Repeater World is open source, that means that all the code that was written to create Repeater World is freely available to all hams radio operators and everyone else in the world. You can find it and fork it on Github: Repeater World. You can host your own copy if you want.
Of course, we would prefer if you didn't host your own and instead contributed to Repeater World. You can get the code, modify it, and make a pull request, and after reviewing it, we'll merge it and it'll get release to our production servers for you and everyone else to enjoy.
We not only want our code to be free and open, we want our data too. Some of the data we have is inherently private and will remain protected as best as we can. For example, our list of users and their searches is private and will never be exportable. In the future, there might be other private information (like exact location of repeaters, addresses, keepers, etc).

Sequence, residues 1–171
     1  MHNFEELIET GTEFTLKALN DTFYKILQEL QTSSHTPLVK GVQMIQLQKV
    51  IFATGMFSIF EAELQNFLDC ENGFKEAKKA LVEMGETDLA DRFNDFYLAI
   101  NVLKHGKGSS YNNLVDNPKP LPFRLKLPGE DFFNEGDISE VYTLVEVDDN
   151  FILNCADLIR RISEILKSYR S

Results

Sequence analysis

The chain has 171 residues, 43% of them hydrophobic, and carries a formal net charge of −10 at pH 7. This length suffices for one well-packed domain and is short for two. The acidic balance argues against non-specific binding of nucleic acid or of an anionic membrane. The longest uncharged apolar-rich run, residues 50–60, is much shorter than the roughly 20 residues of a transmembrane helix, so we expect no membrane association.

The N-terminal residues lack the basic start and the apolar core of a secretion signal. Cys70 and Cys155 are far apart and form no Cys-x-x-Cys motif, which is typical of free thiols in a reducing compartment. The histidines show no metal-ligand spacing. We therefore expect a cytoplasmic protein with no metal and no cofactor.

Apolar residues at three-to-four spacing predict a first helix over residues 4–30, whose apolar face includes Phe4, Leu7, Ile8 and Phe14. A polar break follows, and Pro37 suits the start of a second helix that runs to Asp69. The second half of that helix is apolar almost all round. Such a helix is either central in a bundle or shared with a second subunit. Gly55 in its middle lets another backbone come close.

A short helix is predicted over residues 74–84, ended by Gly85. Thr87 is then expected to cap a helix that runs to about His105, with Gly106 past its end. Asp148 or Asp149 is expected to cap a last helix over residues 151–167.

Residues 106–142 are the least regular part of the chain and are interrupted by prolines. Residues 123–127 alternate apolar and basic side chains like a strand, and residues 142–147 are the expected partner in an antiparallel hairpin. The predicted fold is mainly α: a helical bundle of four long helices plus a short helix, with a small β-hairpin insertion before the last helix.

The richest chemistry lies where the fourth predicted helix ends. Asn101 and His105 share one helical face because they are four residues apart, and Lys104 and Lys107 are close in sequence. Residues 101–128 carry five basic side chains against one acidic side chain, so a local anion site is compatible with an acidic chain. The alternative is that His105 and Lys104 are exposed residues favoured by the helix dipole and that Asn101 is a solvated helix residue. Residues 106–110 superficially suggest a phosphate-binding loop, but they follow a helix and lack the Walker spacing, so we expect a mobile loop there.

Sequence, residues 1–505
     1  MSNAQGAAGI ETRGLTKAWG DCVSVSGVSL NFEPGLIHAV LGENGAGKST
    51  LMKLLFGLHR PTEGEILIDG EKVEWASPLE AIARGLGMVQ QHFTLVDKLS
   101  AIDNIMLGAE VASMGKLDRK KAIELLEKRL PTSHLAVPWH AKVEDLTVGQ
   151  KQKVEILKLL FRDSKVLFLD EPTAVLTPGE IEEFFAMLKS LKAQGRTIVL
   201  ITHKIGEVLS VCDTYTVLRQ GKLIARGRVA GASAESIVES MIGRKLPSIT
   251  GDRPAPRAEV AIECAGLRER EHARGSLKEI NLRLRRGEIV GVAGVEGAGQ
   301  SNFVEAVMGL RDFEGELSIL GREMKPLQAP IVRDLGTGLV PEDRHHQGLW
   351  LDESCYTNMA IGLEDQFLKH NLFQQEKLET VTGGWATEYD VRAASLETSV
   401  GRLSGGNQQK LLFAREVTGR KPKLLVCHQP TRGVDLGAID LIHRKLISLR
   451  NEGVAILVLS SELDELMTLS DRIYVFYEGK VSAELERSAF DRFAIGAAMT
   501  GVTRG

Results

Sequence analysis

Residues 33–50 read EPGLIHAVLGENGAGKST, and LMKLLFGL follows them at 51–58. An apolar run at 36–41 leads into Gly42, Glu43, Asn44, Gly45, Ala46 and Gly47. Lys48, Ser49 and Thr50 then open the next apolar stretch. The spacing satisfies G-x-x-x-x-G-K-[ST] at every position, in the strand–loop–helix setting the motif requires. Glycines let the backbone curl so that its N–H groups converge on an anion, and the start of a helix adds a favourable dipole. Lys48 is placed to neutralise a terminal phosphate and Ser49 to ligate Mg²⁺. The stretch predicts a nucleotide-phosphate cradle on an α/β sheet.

What we want to make the list of repeaters completely free and open for anyone to do whatever they want with it. We believe this matches the spirit of tinkering and experimentation of ham radio. Unfortunately, the way we source data sometimes imposes a limitation and those limitations will be imposed on those receiving the data. When you download the data from our servers, records will be marked with their redistribution limitations, which generally will be an URL to a page that elaborates.
We currently have these limitations:
You can help us make the information free by submitting your own repeaters and making the information public domain. You can submit them to [email protected] whether it's a repeater we have with limitations or a new one.
You can export our data, fresh from the database:
- As CSV: https://repeater.world/api/next/repeaters.csv
- As JSON: https://repeater.world/api/next/repeaters.json
The API is still unstable (hence the version number is "next"), once it's been stabilized, we'll publish it at v1.